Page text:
“A mooncake is a traditional pastry. It is a symbol of a family reunion, and enjoying mooncakes is the most common and representative tradition during the Mid-Autumn Festival. Symbolically, the roundness of the mooncake signifies completeness and reunion, particularly in relation to family unity,” Cham said.
Mooncake is an indispensable part of the Mid-Autumn Festival. Photo: Trung Kien/ The Hanoi Times
She clarified that in Vietnamese culture, roundness symbolizes completeness and togetherness and round mooncakes complement the harvest moon in the night sky at the Mid-Autumn Festival. On this occasion, Vietnamese people enjoy mooncakes together with family and give mooncakes to relatives or friends to express love and best wishes.
“On the night of the full moon, it is time for a family reunion. Vietnamese families will gaze at the moon and appreciate its beauty while enjoying delicious mooncakes and tea,” Cham stressed.
Festive paper masks
Another popular traditional toy during the Mid-Autumn Festival is a paper mask, which not only has a place in the hearts of Vietnamese children but is also a favorite among international and domestic tourists.
"The mask is always an indispensable item of a child’s night out for the Moon festival. In Vietnam, the paper masks are popular for having their own characteristics as they feature familiar characters in Vietnamese folk tales and literature such as Dia, Teu, Bom, Chi Pheo and Thi No, or 12 animals for zodiac signs, lion and unicorn heads. The toys are handcrafted with simple, natural ingredients such as bamboo, paper, and cardboard,” Cham said.
Nowadays, despite the advent of many modern toys, these vivid time-honored masks still remain special in the minds of many children.
“Besides the full moon, star-shaped lanterns are important customs of the Mid-Autumn Festival in Vietnam. It is a Vietnamese traditional toy made of bamboo sticks, transparent colored papers, and jutes, with a candle inside to create light,” Cham said.
She added that a star-shaped lantern is much more than just a decorative item, it also symbolizes the five basic elements of metal, wood, water, fire, and earth. According to Eastern philosophy, the five above-mentioned elements represent the balance and harmony of the world.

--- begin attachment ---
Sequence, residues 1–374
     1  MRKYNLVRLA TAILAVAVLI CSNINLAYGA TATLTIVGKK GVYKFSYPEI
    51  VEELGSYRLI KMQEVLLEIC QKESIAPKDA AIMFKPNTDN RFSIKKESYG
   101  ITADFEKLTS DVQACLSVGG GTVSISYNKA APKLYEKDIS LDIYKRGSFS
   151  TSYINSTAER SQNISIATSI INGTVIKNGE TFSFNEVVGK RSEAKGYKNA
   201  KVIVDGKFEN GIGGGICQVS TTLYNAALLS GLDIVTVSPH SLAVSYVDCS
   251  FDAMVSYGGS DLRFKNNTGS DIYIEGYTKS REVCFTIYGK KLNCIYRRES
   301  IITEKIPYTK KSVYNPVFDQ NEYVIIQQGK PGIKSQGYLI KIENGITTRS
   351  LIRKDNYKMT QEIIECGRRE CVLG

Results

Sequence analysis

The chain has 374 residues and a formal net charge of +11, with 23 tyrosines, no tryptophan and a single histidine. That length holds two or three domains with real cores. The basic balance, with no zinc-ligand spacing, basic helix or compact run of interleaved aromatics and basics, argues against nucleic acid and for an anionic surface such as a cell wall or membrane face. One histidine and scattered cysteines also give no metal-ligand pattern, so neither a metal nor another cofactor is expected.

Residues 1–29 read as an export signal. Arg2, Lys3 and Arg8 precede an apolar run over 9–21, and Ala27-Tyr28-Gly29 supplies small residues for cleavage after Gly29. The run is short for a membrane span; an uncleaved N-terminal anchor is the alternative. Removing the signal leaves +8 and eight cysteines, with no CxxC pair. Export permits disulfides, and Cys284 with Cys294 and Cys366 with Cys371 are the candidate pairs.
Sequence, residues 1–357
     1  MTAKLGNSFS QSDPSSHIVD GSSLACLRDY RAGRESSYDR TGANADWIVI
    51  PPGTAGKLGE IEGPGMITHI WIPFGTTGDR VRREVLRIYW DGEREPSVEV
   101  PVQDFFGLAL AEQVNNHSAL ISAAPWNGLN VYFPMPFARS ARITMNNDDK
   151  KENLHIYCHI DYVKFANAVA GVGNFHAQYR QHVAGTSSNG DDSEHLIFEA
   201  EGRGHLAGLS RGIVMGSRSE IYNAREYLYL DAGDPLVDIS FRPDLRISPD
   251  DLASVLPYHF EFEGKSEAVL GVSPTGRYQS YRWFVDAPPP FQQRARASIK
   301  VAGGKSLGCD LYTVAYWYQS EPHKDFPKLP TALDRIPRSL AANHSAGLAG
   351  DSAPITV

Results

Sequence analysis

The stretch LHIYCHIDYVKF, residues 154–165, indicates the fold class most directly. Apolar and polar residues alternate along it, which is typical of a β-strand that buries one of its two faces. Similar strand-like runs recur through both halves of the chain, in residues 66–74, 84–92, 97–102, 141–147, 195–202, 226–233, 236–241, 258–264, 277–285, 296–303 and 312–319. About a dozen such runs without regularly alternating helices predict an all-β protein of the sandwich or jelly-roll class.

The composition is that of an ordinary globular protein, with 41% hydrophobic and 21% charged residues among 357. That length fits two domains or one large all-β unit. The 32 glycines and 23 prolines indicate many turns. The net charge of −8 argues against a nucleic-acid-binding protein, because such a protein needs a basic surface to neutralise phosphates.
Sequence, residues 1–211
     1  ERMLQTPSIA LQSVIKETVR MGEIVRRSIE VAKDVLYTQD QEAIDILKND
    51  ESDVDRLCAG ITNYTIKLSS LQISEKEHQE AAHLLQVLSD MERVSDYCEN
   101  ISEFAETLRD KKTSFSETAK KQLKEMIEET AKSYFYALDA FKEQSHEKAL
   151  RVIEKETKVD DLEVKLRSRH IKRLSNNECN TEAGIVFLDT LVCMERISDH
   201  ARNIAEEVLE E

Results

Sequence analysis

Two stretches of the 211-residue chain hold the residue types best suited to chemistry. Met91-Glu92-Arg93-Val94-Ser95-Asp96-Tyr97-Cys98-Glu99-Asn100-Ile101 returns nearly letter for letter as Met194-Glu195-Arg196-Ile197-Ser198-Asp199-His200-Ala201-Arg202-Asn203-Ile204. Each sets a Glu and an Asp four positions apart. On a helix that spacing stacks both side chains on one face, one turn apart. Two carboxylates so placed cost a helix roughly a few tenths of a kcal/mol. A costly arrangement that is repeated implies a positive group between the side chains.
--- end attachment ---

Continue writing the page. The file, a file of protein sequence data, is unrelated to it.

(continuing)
“The images of star-shaped lanterns and parades of children getting down the street manifest that full moon rituals have firmly embedded in many Vietnamese generations,” Cham emphasized.
"Lion dancing is considered the most popular symbol in Vietnamese people's Full Moon festival. At night, groups of children parade through the streets, go from door to door, and ask house owners for their permission to perform the lion dancing. If it is agreed then the children will put on a show, which is believed to bring luck and fortune," Cham said.
These lion dances are fascinating, and huge amounts of children, ranging from little kids to teenagers, participate in this activity. An outstanding feature of the Vietnamese lion dancing is the performance of Ong Dia at the front of the parade. "He is the soul of the Earth, described as a grinning, big-bellied man holding a leaf fan resembling the Buddha," Cham added.
“In the Vietnamese's opinion, Ong Dia leads the lion dancing, bestowing blessings and luck to everyone. Wherever the parade takes place, in the minds of Vietnamese people, the lion dancing drives away evil spirits and sorrows. Therefore, everyone can enjoy happiness and prosperity in life,” Cham told The Hanoi Times.